Center for Strategic Decision Research



Security Challenges in the Balkans and the Black Sea Region:
A Ukrainian Perspective

His Excellency Borys Tarasyuk
Minister of Foreign Affairs of Ukraine


I am honored to participate in yet another outstanding event in the Euro-Atlantic area, the International Workshop series on global security. This is probably the 14th workshop in a row that I have attended—outstanding activities initiated and founded by our friend Roger Weissinger-Baylon that are unique opportunities for decision makers in the Euro-Atlantic area to exchange their views. They are also a kind of catalyst as well as a very good think tank for those working in practical diplomacy or in governmental jobs that involve security-related issues. In my previous capacity as foreign minister and as a high-ranking Foreign Ministry official, participation and discussions in this workshop series were for me a very stimulating event for applying new ideas to my work.

Our chairman, Minister Mediu, brought up some of the challenges that the Balkans and the Black Sea region are facing. I am going to dwell on some of the challenges that are closely related to security issues. From my point of view, this region is the only area of instability and challenge to European security as such.


What are the major challenges facing this region and what are the origins of these instabilities? The destruction by the imperial entities—the former Soviet Union and the former Yugoslavia—which were based on totalitarian ideologies and aggressive, ruthless foreign policies, is one of the root causes of the current instabilities. Another cause is that the outgoing empires used the usual policy employed by all empires: divide and rule. As a result, we have the same product with two different stories: the Balkans, Bosnia and Herzegovina, and Kosovo on the one hand and the protracted conflicts in such areas as Trans-Dnistria in Moldova, Abkhazia and southern Ossetia in Georgia, and Nagorno-Karabakh in Azerbaijan on the other hand.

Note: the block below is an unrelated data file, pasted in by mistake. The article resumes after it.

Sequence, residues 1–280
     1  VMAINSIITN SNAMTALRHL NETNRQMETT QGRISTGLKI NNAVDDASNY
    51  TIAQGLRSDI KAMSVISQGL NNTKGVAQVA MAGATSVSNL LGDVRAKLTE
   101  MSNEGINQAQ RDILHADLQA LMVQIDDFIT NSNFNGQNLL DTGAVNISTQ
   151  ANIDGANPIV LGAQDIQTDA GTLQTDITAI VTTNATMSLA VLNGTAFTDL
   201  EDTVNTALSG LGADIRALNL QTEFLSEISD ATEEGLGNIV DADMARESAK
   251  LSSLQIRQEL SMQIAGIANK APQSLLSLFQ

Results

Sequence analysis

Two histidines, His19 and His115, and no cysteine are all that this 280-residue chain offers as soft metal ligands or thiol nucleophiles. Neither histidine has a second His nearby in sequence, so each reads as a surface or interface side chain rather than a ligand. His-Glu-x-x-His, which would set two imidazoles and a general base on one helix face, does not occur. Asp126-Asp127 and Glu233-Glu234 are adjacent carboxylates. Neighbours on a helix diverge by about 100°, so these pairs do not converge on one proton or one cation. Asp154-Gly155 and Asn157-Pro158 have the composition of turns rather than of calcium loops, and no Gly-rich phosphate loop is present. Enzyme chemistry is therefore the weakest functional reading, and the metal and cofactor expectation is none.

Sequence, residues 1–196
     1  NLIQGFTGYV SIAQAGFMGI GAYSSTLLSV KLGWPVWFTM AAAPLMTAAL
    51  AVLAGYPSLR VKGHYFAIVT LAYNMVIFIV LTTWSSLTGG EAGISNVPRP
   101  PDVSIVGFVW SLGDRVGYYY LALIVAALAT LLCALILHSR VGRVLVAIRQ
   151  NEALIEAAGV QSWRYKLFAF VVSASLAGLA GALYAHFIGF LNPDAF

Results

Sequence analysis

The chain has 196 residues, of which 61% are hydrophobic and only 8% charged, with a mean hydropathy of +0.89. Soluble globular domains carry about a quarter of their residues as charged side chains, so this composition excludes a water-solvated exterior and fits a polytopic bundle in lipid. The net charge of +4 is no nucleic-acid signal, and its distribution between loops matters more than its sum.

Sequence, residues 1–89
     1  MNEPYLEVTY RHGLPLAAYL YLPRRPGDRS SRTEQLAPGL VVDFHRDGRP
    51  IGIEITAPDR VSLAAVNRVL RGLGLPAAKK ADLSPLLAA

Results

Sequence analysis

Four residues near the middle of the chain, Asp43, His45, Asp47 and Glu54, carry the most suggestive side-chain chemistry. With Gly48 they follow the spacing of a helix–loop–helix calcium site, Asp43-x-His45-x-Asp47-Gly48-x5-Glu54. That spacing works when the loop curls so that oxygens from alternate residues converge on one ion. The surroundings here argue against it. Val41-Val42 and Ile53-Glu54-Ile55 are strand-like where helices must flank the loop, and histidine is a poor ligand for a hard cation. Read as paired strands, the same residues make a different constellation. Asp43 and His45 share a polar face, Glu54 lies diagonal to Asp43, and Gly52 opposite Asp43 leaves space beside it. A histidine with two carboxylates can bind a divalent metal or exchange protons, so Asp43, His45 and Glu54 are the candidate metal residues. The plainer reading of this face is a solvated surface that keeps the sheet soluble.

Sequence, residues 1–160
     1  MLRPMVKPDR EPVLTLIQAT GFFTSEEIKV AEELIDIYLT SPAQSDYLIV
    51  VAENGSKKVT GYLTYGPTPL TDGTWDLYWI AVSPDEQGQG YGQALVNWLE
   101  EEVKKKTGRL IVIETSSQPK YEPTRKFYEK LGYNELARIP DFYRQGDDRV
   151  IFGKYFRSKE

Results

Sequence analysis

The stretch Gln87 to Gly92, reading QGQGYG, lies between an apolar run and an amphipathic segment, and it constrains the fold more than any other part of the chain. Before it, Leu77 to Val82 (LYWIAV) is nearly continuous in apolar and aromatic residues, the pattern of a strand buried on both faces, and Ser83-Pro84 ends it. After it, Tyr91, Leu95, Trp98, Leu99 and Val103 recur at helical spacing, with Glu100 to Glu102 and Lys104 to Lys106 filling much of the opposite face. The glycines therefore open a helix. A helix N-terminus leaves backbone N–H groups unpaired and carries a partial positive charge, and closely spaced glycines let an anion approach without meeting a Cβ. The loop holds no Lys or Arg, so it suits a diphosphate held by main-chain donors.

If one compares these two different subregions, one may easily find that the attention given to them has been different from the start—one has been treated as a first-class issue and one as a second-class situation. The first-class issue, the Balkans, has been given massive and robust attention from the very beginning from the United Nations, NATO, the European Union, the OSCE, and even the Council of Europe. Just recently, for example, there was an informal meeting of the foreign ministers of the Council of Europe in which we discussed with Marti Ahtisaari the current situation and the future prospects for Kosovo—which may become an international-community success or a failure.

But the second-class area has been left on its own. From the very beginning of the conflicts there, from the beginning of the 1990s, this conflict area was referred to as a Russian responsibility or as a sphere of Russian domination. International attention has been inadequate and there have been no comparable efforts to those paid to the conflict in the Balkans.

What resulted from this inequality? Different European and Euro-Atlantic community attitudes toward the two areas. The Black Sea region has had the prospect of European and Euro-Atlantic integration but the second-class area has had no such prospect.